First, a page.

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MA722AssgntThree(3) MNG93002 Strategy and Case Analysis Assessment 2 Due Date: 9:00 am (AEST) April 16, 2018 Value: 40% (marked out of 40) Instructions You have been asked to read the short account of...

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MA722AssgntThree(3)

MNG93002 Strategy and Case Analysis
Assessment 2
Due Date: 9:00 am (AEST) April 16, 2018
Value: 40% (marked out of 40)
Instructions
You have been asked to read the short account of the US airlines industry (please refer to the
file Assessment 2 – Background Information.pdf, which is available on MySCU) and prepare
a 2500-word report that addresses the following:
• With the aid of a clearly drawn diagram conduct a competitive forces analysis of the
U.S. airline industry. What does this analysis tell you about the causes of low
profitability in this industry? What are the principal advantages and disadvantages of
using the five forces framework?
• The economic performance of the airline industry seems to be very cyclical. Why do
you think this is the case?
• Given your analysis, what strategies do you think an airline should adopt to improve
its chances of being persistently profitable?
This assessment focuses on Strategic Position. In preparing your report, you should
demonstrate understanding and application of the strategic concepts that are outlined in Part I:
Strategic Position of the textbook.
Your report must be structured as follows:
• Introduction (3 marks)
• Overview of the US airline industry (5 marks)
• Five forces analysis of US airline industry
o Diagram (2 marks)
o Components (8 marks)
o Advantages and disadvantages (5 marks)
• Economic performance (5 marks)
• Identifying strategies for airline profitability (5 marks)
• Discussion (5 marks)
• Conclusion (2 marks)

MA722AssgntThree(3)

MNG93002
Strategy and Case Analysis
Assessment 2 – Background Information
US airlines – Case Study
The United States Airline Industry
The U.S. airline industry has long struggled to make a profit. Analysts point to a number of
factors that have made the industry a difficult place in which to do business. Over the years,
larger ca
iers such as United, Delta, and American have been hurt by low-cost budget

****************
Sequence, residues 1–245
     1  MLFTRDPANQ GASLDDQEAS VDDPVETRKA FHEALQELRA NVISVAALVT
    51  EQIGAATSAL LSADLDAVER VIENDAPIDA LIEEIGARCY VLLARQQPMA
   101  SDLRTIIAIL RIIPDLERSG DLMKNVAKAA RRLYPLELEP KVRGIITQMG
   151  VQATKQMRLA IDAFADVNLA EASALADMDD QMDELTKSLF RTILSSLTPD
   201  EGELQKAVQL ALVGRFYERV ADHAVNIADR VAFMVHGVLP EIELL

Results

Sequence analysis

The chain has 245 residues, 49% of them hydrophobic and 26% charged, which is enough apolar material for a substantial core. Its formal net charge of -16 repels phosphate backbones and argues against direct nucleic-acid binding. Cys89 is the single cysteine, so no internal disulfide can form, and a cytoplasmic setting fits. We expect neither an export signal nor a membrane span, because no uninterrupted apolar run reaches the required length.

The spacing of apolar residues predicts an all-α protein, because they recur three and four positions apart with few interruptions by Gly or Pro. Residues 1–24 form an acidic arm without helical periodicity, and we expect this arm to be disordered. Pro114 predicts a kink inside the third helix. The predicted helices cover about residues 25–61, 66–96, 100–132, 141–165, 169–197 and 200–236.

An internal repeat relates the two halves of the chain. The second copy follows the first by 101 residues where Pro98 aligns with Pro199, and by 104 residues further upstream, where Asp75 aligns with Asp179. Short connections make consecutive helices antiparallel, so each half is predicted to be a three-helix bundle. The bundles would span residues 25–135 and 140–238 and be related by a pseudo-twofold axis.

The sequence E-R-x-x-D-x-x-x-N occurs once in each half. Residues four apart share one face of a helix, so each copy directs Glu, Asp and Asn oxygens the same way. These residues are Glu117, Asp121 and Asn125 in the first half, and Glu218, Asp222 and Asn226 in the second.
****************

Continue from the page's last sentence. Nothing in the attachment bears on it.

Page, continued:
ca
iers entering the industry, including Southwest Airlines, Jet Blue, AirTran Airways, and
Virgin America. These new entrants have used nonunion labor, often fly just one type of
aircraft (which reduces maintenance costs), have focused on the most lucrative routes,
typically fly point-to-point (unlike the incumbents, which have historically routed passengers
through hubs), and compete by offering very low fares. New entrants have helped to create a
situation of excess capacity in the industry, and have taken share from the incumbent air-
lines, which often have a much higher cost structure (primarily due to higher labor costs).
The incumbents have had little choice but to respond to fare cuts, and the result has been a
protracted industry price war. To complicate matters, the rise of Internet travel sites such as
Expedia, Travelocity, and O
itz has made it much easier for consumers to comparison shop,
and has helped to keep fares low.
Beginning in 2001, higher oil prices also complicated matters. Fuel costs accounted for 32%
of total revenues in 2011 (labor costs accounted for 26%; together they are the two biggest
variable expense items). Many airlines went bankrupt in the 2000s, including Delta,
Northwest, United, and US Airways. The larger airlines continued to fly, however, as they
eorganized under Chapter 11 bankruptcy laws, and excess capacity persisted in the industry.
The late 2000s and early 2010s were characterized by a wave of mergers in the industry. In
2008, Delta and Northwest merged. In 2010, United and Continental merged, and Southwest
Airlines announced plans to acquire AirTran. In late 2012, American Airlines put itself under
Chapter 11 bankruptcy protection. US Airways subsequently pushed for a merger agreement
with American Airlines, which was under negotiation in early 2013.
Answered Same Day Apr 13, 2020 MNG93002 Southern Cross University

Solution

Shivagya answered on Apr 14 2020
126 Votes
MNG93002
Strategy and Case Analysis
Table of Contents
Introduction    2
Overview of the US airline industry    3
Five forces analysis of US airline industry    5
Diagram    5
Components    5
Advantages and disadvantages    7
Economic performance    8
Identifying strategies for airline profitability    10
Discussion     11
Conclusion    12
References    13
Introduction
This report will try to give an overview and an understanding of the US airline industry. The competitive dynamic that exists and its analysis giving a view on the causes of profitability. This report will utilize the Porter’s five forces framework to analyse the airline industry, it will also include a discussion on the advantages and disadvantages of using this model.